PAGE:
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Category - Books

Game of Thrones 4.2 Review: The Lion and the Rose

Warning: The spoilers for this one will come out and smack you in the face right up front. So if you haven’t seen episode two yet, you should have already stopped reading. I’m serious!!! Stop reading if you don’t want spoilers!!! Here it goes. Don’t say I didn’t warn you….

The brat king is dead!!! The moment we’ve all longed for, dreamed about, played out in our minds during those boring moments at work. Some religious people may have even prayed for the demise of King Joffrey. But now that he’s gone, some serious questions need to be asked. With our most vile villain in Westoros now gone, who do we root against? The Game of Thrones universe can be morally ambiguous, but it still needs true villains. And while Joffrey Lannis–uhhh, Baratheon did not have a single positive character trait, every other character who could take his place either has redeeming qualities or doesn’t appear enough in the show. And did anyone predict poisoning as the means of death? I always saw him conquered and killed by Robb Stark (until the red wedding that is), fried by Dany’s dragons, or killed by one of his own people with a sword. But the most likely scenario is not how George R.R. Martin thinks (just ask anyone named Stark). And the poisoning creates significantly more complex story lines than a simple conquering assassination would have.

So for this review, I shall save King’s Landing for last since that is where most of the action so wonderfully took place this episode.

The Dreadfort
Do you remember Ramsey Snow? No? How about this: do you remember that guy that cut off Theon’s mini Theon? Oh now you remember. Theon’s, or should we now say Reek’s cruel tormentor shows he is an equal opportunity torturer, using all of his prisoners for amusement. That includes hunting and allowing his dogs to eat one of his female prisoners because a girl named Myranda was jealous of her.

And Theon/Reek is a shell of his former self. The confident, defiant womanizer from the Iron Islands has been replaced by a timid and frightened weakling who does anything his tormentor asks of him, including shaving Ramsey’s face while Ramsey insults him. Roose Bolton, however, is not pleased. He arrives and chastises his son for destroying his bargaining chip for Moat Cailin, land in the north held by the Greyjoys. So Roose sends Ramsey and Reek (previously Theon in case you forgot) to see if Ramsey can conquer Moat Cailin and earn a legitimate family name.

Dragonstone
Now correct me if I’m wrong, but didn’t we last leave Stannis and company on their lonely island prepared to leave for the wall to help the Night’s Watch defend the realm? This was not mentioned once. Instead, we just waste time with things we already knew like that Stannis’s wife is crazy and his daughter is stone faced and neglected. And did we mention that Davos gave Melisandre another skeptical look? We did get an interesting quote from the lady in red that I will mention at the bottom.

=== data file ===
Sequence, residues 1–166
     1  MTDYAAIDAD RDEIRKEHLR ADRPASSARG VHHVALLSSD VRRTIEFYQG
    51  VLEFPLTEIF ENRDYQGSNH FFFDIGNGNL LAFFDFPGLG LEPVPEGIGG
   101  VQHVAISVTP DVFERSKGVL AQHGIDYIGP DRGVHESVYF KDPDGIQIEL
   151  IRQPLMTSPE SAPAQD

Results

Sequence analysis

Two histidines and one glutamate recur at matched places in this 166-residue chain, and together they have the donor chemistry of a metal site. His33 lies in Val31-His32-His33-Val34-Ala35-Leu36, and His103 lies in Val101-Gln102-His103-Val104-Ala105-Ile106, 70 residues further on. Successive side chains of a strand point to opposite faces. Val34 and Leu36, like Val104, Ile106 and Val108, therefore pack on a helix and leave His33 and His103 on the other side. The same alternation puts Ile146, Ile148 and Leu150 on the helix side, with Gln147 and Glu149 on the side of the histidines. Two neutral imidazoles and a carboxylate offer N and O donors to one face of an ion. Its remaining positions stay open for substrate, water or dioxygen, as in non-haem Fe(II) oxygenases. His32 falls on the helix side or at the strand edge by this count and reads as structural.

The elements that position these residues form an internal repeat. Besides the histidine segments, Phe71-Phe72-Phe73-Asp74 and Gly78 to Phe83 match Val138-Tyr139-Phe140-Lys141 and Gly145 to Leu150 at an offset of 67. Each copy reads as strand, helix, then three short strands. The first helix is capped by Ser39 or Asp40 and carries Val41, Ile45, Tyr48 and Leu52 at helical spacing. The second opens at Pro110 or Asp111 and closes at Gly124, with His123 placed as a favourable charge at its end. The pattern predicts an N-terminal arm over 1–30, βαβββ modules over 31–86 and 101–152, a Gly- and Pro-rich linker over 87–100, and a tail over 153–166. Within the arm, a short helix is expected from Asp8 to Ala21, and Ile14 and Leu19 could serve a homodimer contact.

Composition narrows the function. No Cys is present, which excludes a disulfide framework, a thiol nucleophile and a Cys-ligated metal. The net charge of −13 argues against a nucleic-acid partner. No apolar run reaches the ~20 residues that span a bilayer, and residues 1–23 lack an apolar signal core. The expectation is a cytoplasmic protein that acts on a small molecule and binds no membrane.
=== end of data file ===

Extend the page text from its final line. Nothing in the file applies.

Beyond the Wall
This was a much better use of shortened screen time for a character. We did not spend much time with Bran and company, but what we did see was informative. Bran seems to be making regular use of his new ability as a warg by running around as Summer (which Jojen warns him about). But now he finds himself inside a Weirwood Tree. The backstory here is that Weirwood trees allow a warg to see into the past and into the future. The images Bran sees include Ned Stark, Bran falling from a window, a three-eyed crow (important!!!), the shadow of a dragon flying over King’s Landing, and the Iron Throne under ice. If you’ve been paying any attention the last three years, you know what those last two hint at. And there was that voice saying “Find me North” that wasn’t creepy at all.

King’s Landing
Now to the good stuff!!!! Jamie has a new sword fighting partner. He needs to learn to use his left hand exclusively, so Tyrion recommends Bronn. Bronn was not Jamie’s sword fighting partner in the book, but no complaints here. The dialogue should be fantastic between these two this season.

Despite a little lightheared dialogue in the beginning, the rest of the episode was another depressing turn for the Imp. Though it breaks his heart, he feels he has no choice but to send Shae on a ship for her safety. In a scene reminiscent of “Harry and the Hendersons”, Tyrion refers to Shae as a whore for the first time in a long time, insisting that is all he ever thought of her. Bronn assures him he saw Shae get on the ship. But I have my doubts she is gone for the rest of the season.

King Joffrey hosts a breakfast the morning of his wedding where he accepts gifts from his guests. And despite his best attempt to hide it, the spoiled child comes out comes when Tywin gives him the other sword he forged last week. The ungrateful piece of poop takes the sword and chops up the book Tyrion and Sansa gave him. And while the wedding was beautiful, the fun begins at the reception, where the interactions were just fantastic!!! The Martell/Lannister tension continues as Cersei insults Oberyn for bringing a bastard woman with him. The cultural differences between Dorne and the rest of Westoros are subtly hinted at during the scene. It is considered embarrassing to be seen with a bastard when you are high born in most of the seven kingdoms, but in Dorne, bastards are considered on the same level as everyone else. And the fantastic interactions continue. Loras and Oberyn, Loras and Jamie, Brienne and Cersei, Cersei and Pycelle all have very tense conversations with each other before we get to the main event: Joffrey’s last actions as the rotten spoiled brat king.